Europe at a bargainMoney talks. And, when it comes to...

TRAVEL LOG

February 28, 1993

Europe at a bargain

Money talks. And, when it comes to travel, most people are seeking destinations that offer the best value.

With the recent devaluations of European currencies, Europe is looking its best in years as far as the dollar is concerned. This month, the dollar has been worth 15 to 50 percent more than it was last summer. "This is a real windfall for our American visitors," said Michel Bouquier of France, chairman of the 23-nation European Travel Commission. In countries such as Britain, Italy, Greece and Finland, the dollar is at its highest levels since 1986.

That means the cost of hotel rooms, meals and shopping will be lower for American travelers. While Mr. Bouquier believes the dollar's rise will continue into the summer, he also advises travelers to buy as much of their vacation as possible in advance to lock in good prices while they last.

AAA: Motorists beware

Prompted by a growing number of violent incidents involving motorists, the American Automobile Association is urging its 1 million mid-Atlantic region members to keep going if their cars are hit from the rear in minor accidents, to keep car doors locked and windows rolled up at all times, and to keep car keys separate from house keys.

Safety cards being distributed by the club advise motorists to motion to other drivers to follow them to the nearest police station or service station if hit from the rear. The advice is the same that some rental-car companies have been giving customers after a series of bump-and-rob crimes in Miami and elsewhere.

The AAA also encourages drivers approaching stoplights to leave enough space between themselves and the cars in front so that they can pull out if their cars are approached.

The safety card with its dozen tips is being offered to non-members as well and is available by sending a self-addressed, stamped envelope to AAA Mid-Atlantic, Public Affairs Department, 2040 Market St., Philadelphia, Pa. 19103.

Mexico visitor discounts

After the rainiest January since 1850, many hotels in Tijuana and other towns in Mexico's Baja California are reporting a 15 percent occupancy rate, compared with the usual 60 percent at this time of year, according to a spokeswoman for the region. In an attempt to lure visitors, some hotels are offering discounts of 20 percent to 50 percent through much of March.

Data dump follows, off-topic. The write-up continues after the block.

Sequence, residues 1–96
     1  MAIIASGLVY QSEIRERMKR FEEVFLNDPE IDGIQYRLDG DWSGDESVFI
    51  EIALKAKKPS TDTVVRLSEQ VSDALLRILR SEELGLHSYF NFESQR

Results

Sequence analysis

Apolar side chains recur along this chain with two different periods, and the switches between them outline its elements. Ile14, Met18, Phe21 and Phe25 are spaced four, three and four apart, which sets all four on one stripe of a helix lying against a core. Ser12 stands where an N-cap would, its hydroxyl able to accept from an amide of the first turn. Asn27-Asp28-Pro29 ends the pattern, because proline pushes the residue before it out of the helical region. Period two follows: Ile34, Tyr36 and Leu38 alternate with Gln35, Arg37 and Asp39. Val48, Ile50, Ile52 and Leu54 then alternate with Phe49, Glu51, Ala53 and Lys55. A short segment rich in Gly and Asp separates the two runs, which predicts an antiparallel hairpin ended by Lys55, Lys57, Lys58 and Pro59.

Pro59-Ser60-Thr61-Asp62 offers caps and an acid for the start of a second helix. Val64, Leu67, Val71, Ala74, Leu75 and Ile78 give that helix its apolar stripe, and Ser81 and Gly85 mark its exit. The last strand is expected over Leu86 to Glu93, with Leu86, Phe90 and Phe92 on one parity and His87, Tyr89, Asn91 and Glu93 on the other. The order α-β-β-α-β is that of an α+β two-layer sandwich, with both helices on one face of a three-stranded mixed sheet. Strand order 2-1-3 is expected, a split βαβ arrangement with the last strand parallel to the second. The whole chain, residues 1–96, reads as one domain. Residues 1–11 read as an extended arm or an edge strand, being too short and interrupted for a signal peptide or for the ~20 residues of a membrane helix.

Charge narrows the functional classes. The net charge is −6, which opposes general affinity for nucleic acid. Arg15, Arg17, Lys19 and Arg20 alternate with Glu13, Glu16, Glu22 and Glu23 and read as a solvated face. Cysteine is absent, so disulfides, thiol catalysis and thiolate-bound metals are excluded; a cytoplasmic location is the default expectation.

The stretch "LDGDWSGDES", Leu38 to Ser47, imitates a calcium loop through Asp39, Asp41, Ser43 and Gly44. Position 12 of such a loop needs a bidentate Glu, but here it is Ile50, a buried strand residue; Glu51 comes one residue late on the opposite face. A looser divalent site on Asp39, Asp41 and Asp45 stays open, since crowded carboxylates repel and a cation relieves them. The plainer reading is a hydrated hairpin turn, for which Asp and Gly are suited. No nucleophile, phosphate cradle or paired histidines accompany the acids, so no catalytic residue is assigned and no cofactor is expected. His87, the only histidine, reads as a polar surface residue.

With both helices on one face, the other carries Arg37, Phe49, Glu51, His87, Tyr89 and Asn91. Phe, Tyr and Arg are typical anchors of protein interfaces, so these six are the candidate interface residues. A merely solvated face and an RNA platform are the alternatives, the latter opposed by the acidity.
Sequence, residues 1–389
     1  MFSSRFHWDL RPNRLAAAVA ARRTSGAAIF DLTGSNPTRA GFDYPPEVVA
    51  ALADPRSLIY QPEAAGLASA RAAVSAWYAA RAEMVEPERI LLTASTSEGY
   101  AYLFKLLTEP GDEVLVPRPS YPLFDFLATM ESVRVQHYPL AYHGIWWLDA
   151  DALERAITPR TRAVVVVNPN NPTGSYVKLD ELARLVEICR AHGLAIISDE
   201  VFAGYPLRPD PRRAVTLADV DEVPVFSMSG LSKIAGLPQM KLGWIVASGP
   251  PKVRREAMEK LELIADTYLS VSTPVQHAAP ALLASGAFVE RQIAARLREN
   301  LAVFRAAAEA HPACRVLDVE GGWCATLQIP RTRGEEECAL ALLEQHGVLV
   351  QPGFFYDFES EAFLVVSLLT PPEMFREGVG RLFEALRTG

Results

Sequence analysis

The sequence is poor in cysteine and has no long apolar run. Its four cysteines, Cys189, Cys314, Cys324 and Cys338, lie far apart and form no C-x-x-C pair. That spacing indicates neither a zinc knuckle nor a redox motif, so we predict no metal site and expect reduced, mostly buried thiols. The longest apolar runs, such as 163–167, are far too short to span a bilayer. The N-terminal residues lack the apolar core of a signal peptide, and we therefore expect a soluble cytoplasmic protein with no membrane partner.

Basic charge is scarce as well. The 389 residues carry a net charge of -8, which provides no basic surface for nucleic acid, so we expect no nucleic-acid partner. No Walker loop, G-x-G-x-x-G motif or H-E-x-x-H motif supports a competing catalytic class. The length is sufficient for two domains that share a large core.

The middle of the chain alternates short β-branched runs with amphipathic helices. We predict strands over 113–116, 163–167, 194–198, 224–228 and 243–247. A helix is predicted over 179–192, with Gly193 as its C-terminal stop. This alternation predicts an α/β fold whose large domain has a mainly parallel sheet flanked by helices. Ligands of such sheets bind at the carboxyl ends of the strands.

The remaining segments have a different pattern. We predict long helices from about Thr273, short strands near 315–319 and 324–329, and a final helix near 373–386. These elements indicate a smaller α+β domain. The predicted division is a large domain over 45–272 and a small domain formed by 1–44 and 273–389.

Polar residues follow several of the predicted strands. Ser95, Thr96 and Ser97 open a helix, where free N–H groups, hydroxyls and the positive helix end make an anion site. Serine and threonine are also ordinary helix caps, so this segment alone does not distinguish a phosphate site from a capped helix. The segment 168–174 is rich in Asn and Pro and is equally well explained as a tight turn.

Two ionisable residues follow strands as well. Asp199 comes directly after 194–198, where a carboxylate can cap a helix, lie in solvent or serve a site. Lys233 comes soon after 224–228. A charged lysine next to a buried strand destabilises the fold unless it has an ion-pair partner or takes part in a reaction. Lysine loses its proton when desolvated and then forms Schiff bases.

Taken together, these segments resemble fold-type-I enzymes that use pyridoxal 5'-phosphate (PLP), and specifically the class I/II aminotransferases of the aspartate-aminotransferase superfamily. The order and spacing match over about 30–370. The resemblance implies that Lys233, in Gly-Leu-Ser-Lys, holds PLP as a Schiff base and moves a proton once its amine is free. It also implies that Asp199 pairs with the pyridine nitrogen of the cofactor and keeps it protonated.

Contact International Marketing/Promotion Associates, (800) 225-2786.

Just visit Morocco, Sam

The classic film "Casablanca" is 50 years old and was recently released in a stylish home-video package. But there are other ways you can celebrate its anniversary.

One is to visit Casablanca (don't go looking for familiar sites -- the film was shot in Hollywood) and include a stay at the Hyatt Regency Casablanca in Morocco, where most rooms overlook the Medina (old city).

An "As Time Goes By" package includes two nights' stay, an in-room gourmet meal and an in-room showing of the film. The Hyatt also has a piano bar featuring "Casablanca" memorabilia. (800) 233-1234.

The magnificent ruins of Angkor, which few foreign travelers dared to visit during Cambodia's long civil war, are once again a risky travel destination.

In an attack this month on Siem Reap, the provincial capital that borders on Angkor and is about 140 miles northwest of Phnom Penh, a Portuguese tourist was grazed on the forehead by a bullet that came through the window of his room in the Grand Hotel d'Angkor; three Cambodians also were killed. The uniformed gunmen have not been identified; the Cambodian government and the Maoist Khmer Rouge blame each other.

A 1991 U.N. settlement that ended the war in Cambodia is threatened by the refusal of the Khmer Rouge to disarm, and the Siem Reap province, with the fabled stone temples of the ancient Khmer empire, has been plagued by cease-fire violations.

The temples, built from the ninth to the 15th centuries by a succession of Khmer kings, are the country's most important cultural legacy.

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